Recommend me a book for new mothers

I need to suggest a couple of books for my company’s maternity mentoring program. FWIW, we are planning on expanding our program this year to include fathers and adoptive parents. Since there’s a kajillion books out there for new parents, I’d really appreciate some help separating the wheat from the chaff.

Any other suggestions for a maternity mentoring program are welcome as well.

I don’t know if it’s still in print, but my bible when my kids were small was the Mother’s Encyclopedia published by Parents Magazine. It had everything, including photos and illustrations. It was well-organized and written so that anyone could understand it.

I credit it with saving #3 son’s life. He’d been vomiting, and the doctor told me to change his formula. Still vomiting, doctor said switch him to soy formula. Still vomiting. I looked it up in the book. His symptoms matched pyloric stenosis. I took him back to the doctor and asked about it. Doctor says 'Oh, I doubt it, pyloric stenosis is very rare, but just in case . . . ’ He made a mark low on Barry’s tummy and said to watch that mark for movement next time he spit up. There was movement. I called the doctor back and he scheduled emergency surgery. By that point, Barry was dehydrated and near shock. This happened over a period of about a week.

So that’s an excellent resource for parents. For expectant mothers, everyone I know swears by “What to Expect When You’re Expecting”, which is widely available. At the last place I worked, we gave copies to every pregnant employee, and they give it out at a couple of the medical clinics in town.

I particularly liked anything by Dr. Sears. The Baby Book and The Pregnancy Book were both very good.

He’s gone out of fashion now, but I’m still really fond of Dr. T. Berry Brazelton’s work. He’s really good at providing both information and reassurance that whatever works for you and your family is the “right” way to do things. It’s less clinical in tone than many books; more conversational, with a gentle insistence that you *can *do this very tough job. It’s like having your own grandfatherly country doc to talk to at 3 AM when you’re overwhelmed and scared. He was the Dr. Sears of the early '90s.

Of course, I’m also a pimp for the Parenting With Love and Logic series. It’s not a baby care book, but a great book on discipline that doesn’t feel like discipline. I give it to everyone at baby showers, 'cause I think too many people don’t start thinking about discipline until they’ve already got issues, and it’s much harder to fix mistakes than to do it right from the start.

I also like Dr. Sears’ The Baby Book. That’s been my go-to book for those “is this normal?” moments.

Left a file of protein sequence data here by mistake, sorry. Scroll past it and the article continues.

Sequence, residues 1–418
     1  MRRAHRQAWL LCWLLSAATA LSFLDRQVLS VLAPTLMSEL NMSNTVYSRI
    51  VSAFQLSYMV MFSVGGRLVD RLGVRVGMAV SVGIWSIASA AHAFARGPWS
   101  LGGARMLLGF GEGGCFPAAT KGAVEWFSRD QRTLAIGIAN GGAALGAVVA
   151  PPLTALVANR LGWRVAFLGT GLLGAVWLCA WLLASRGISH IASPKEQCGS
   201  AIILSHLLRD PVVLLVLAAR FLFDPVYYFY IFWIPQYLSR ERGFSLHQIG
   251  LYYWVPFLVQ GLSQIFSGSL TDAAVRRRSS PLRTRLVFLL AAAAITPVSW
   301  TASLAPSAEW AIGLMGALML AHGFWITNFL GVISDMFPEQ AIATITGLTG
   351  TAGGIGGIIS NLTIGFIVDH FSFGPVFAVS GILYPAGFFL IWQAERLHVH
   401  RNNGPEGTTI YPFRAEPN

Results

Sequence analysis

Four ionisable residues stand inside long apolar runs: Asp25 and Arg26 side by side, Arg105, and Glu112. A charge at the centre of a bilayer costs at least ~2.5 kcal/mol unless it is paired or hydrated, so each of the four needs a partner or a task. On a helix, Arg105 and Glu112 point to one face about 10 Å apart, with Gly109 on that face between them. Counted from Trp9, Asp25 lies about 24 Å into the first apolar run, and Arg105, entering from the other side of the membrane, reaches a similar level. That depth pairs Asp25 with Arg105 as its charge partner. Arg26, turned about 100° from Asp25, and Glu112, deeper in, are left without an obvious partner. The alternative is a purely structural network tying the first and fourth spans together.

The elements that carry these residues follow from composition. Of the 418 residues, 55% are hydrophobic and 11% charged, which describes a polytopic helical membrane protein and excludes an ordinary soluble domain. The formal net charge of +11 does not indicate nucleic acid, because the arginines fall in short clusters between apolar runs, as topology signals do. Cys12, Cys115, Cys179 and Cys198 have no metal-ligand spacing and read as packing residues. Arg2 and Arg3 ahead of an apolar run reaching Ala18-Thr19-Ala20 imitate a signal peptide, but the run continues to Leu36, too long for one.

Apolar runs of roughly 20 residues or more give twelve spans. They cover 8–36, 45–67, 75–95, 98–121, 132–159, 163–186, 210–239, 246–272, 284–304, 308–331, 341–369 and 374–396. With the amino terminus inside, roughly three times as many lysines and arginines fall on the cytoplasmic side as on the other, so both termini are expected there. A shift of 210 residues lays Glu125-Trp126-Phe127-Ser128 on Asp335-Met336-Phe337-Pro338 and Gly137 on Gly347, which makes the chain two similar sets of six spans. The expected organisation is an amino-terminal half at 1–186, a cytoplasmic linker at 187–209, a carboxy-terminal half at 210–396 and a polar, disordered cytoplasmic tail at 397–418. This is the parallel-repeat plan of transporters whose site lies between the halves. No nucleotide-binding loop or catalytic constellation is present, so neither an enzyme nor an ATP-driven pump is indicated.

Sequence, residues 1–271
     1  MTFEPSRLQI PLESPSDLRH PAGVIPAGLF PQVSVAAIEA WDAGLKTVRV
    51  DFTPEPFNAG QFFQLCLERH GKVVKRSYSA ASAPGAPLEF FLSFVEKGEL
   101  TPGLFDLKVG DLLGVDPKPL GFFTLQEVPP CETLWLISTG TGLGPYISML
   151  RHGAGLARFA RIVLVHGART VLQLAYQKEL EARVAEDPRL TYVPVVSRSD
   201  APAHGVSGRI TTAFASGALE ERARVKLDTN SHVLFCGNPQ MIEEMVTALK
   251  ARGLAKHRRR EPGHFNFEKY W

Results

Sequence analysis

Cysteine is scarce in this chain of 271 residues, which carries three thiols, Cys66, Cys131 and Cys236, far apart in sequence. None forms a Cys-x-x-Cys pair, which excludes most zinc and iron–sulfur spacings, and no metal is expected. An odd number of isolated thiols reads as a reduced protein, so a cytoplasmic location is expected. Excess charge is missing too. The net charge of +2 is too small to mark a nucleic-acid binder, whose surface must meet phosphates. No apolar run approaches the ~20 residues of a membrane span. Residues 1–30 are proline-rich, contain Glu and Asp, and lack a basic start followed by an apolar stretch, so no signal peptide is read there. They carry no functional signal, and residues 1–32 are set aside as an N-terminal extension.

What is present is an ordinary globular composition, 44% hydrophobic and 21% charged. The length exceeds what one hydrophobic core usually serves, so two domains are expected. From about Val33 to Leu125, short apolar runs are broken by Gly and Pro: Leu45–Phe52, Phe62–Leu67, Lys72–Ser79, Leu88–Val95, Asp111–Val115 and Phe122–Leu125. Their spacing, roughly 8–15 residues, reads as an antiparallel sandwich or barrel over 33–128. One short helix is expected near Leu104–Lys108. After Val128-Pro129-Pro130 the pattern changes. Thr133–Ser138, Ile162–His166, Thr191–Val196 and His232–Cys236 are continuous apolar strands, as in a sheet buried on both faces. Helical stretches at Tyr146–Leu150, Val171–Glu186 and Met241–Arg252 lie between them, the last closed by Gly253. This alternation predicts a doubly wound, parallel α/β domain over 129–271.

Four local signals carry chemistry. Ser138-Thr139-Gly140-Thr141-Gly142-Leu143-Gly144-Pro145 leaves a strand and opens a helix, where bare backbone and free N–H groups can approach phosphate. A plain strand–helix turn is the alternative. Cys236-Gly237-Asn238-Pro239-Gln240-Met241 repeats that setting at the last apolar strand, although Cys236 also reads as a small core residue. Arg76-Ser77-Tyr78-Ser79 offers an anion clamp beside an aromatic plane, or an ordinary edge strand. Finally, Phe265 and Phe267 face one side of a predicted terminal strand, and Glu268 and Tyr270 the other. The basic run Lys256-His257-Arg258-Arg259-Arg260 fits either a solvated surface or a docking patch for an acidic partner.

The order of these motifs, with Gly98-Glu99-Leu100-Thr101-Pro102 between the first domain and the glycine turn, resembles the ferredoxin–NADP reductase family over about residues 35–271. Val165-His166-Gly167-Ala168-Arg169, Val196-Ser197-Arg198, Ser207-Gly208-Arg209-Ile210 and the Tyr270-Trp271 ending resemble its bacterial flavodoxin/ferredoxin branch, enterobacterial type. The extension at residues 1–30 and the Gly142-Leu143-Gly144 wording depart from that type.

The Happiest Baby on the Block is also GREAT for newborns. There’s a video, too, which I found more helpful than the book, but either is invaluable.

You might want to have a variety of sleep books – there are a lot of schools of thought out there, so I don’t know if you want to promote one over another.

For labor, I can’t think of a better book than The Big Book of Birth. It has so much helpful information, and it’s presented in a very “you can do this!” way that I found empowering. I’ve loaned my copy out, let’s see… 5 times in the 13 months since my son was born!

If you’re dealing with working moms, I like The Milk Memos. It isn’t a how-to, it’s more of a journal by a few working/pumping moms. I got some good ideas and “support” from reading it.

It’s hard to find now, but The Wonder Weeks can be helpful in dealing with fussy stages. It talks about what the baby is going through developmentally, so even though they’re fussy, it can be easier to have sympathy for them (and help you figure out what they need/want).

For toddlers and up, I like Unplugged Play. My folks gave it to me last month for my son’s first birthday, and it has some fun ideas in it. Also helpful is the Ames & Ilg series, Your One-Year-Old, Your Two-Year-Old, etc. I think they go up to 6 or 7 years old.

And a great one for expectant parents (whether it’s the first baby or not) is And Baby Makes Three. It’s about maintaining a healthy and loving relationship even with the stresses of new-parenthood. Full disclosure: I work for the institute founded by the authors so I know them – but it’s a really great book.

On preview: Oh yeah, I second WhyNot’s suggestion of Touchpoints - how could I forget? It’s really helpful and low-anxiety. Very good.

It looks like there are lots of good choices here. Thanks!

I found (and still find) Baby 411 invaluable. It’s like a reference book… I am sure as hell not going to read a bunch of new age-y stuff, but this book is perfect because you find yourself going to it as a reference, then you read a chapter, etc. etc.